"Gotham's" McKenzie & Mazouz Answer Burning Question From the Season Finale
[Editor’s note: Each Sunday, Robot 6 contributors discuss the best in comics from the last seven days — from news and announcements to a great comic that came out to something cool creators or fans have done.]
The Musical Monsters of Turkey Hollow is a charming children’s story with clearly defined heroes and villains, plus music-making Muppet monsters from outer space, all lovingly adapted into comics form by Roger Langridge. It has a classic feel that will please adults but is fresh enough for children to enjoy, and Langridge does a particularly nice job of rendering music into visual form, something that is often a challenge for creators.
The book is adapted from a script that Jim Henson and collaborator Jerry Juhl wrote for a children’s television special, and the story is pretty straightforward. The protagonist, Timmy, lives with his Aunt Clytemnestra, who has an other-worldly feel to her, and his older sister Ann, who is more of a hippie type (the story is set in 1968). Ann and Timmy like to go out to an isolated area of their property to practice playing guitar, but they get chased off by their mean neighbor Mister Sump, who wants the land for himself.
Timmy is out practicing one day when the monsters arrive and accompany him with strange musical sounds of their own. Soon Timmy is friends with the monsters, but you know in a story like this that the bad guy is going to cause trouble, and that’s exactly what happens. Turkey Hollow has more turkeys than people, and suddenly the turkeys are all gone and the monsters are found sleeping in a heap with bones scattered all around. The sheriff reluctantly rounds the monsters up and puts them in jail, but Timmy is pretty sure they are being framed, and he sets off to prove it.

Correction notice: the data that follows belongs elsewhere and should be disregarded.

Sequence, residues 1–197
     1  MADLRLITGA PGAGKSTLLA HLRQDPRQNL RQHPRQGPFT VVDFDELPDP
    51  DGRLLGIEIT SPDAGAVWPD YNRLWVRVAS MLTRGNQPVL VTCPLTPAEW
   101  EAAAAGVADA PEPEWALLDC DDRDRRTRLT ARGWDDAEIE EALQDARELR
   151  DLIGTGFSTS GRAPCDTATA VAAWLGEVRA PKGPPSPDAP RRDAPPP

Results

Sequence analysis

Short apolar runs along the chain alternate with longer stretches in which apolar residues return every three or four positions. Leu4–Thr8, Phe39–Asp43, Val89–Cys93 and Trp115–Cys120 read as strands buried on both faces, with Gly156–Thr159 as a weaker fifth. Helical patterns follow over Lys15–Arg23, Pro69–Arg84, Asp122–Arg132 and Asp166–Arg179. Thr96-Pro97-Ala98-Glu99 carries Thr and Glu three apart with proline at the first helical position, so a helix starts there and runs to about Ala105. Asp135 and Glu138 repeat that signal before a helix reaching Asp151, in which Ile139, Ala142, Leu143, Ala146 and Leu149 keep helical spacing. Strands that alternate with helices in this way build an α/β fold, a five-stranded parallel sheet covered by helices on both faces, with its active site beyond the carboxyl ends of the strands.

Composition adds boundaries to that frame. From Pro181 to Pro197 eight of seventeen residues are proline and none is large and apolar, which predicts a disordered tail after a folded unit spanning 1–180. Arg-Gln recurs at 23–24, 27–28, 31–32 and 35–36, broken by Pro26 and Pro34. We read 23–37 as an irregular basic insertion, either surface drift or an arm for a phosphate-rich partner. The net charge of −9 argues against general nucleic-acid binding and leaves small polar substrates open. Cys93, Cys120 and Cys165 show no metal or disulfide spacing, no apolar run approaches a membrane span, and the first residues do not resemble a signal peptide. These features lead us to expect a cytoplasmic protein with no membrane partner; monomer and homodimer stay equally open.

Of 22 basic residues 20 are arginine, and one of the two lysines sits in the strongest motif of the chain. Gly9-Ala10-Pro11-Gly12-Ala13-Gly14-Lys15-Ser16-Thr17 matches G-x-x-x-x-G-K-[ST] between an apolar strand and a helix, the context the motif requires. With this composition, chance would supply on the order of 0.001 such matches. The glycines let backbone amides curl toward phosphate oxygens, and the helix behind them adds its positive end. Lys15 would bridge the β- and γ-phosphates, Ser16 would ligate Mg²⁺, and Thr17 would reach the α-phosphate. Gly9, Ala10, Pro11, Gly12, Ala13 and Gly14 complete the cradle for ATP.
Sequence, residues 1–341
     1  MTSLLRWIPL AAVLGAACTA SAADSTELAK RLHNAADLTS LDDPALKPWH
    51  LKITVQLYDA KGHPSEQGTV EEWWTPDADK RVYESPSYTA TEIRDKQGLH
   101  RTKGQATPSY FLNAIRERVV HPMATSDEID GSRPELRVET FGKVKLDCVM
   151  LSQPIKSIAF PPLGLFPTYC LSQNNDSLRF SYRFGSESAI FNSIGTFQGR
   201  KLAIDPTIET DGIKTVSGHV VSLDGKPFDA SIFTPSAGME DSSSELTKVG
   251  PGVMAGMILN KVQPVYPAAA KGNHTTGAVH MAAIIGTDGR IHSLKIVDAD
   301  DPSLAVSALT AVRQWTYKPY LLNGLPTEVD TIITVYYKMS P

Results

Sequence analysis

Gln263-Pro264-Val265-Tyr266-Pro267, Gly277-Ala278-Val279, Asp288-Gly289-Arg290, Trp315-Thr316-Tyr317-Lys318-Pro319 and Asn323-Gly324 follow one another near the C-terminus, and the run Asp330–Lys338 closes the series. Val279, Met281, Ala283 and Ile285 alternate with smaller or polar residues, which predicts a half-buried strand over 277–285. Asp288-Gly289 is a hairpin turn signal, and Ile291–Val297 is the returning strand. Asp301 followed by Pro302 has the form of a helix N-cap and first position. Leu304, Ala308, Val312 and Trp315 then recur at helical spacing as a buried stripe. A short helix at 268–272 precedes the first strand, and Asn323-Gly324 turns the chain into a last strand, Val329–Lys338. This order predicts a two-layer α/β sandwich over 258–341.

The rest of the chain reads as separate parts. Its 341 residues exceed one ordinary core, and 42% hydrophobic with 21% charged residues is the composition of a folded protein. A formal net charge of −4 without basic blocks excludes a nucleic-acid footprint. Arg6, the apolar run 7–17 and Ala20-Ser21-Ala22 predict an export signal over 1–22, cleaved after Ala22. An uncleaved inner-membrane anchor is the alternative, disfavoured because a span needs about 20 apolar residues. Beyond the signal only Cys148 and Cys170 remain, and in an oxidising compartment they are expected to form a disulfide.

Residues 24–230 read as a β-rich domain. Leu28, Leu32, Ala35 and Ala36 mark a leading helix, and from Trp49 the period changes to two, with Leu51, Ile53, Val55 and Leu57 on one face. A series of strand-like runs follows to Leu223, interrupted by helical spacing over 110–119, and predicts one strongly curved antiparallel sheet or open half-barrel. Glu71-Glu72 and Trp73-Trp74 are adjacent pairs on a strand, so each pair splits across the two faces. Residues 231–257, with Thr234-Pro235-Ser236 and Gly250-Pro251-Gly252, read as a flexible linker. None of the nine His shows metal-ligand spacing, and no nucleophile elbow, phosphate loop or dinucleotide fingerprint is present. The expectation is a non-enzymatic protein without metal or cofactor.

Roger Langridge, who earned acclaim for his run on BOOM! Studios’ The Muppets, will return to the world of Jim Henson in October with Jim Henson’s The Musical Monsters of Turkey Hollow.
Published by Archaia, the graphic novel is an adaptation of a 1960s screenplay for an unproduced Thanksgiving television special by Henson and Jerry Juhl, later head writer of The Muppet Show and Fraggle Rock and co-writer of five of the first six Muppet feature films. According to USA Today, the script had been in the Henson archives for decades, along with Tale of Sand, which was adapted in 2012 as a graphic novel by Ramon Perez.
Back in March, Archaia Entertainment announced it would publish Tale of Sand, a graphic novel based on an unproduced screenplay by Jim Henson and his writing partner Jerry Juhl. Last week, on the eve of Henson’s 75th birthday, the publisher posted a generous 20-page preview of the book, illustrated by Ramón Peréz. It’s a bit disorienting at first, but stick with it — it’s not exactly cinematic, but the flow of the story, especially in the first few pages, is also very different from traditional comics. Peréz told Comic Book Resources’ Steve Sunu about the process of illustrating Henson’s script:
After reading the script a couple of times, I sat down with my sketchbook and basically started sketching and adapting and the film just started unraveling in my head. The script itself is very light on dialogue; it’s all about visual story. It could almost be a silent film with a principle soundtrack. If you cut all the dialogue, it would still work. It was very detailed, and I had to adapt the pacing to a graphic novel where you have page turns. You want to keep exciting moments as much as possible as the reader is flipping through
You can definitely see what he is talking about in the pages so far—there are quick cuts and montages, but it’s definitely a graphic novel.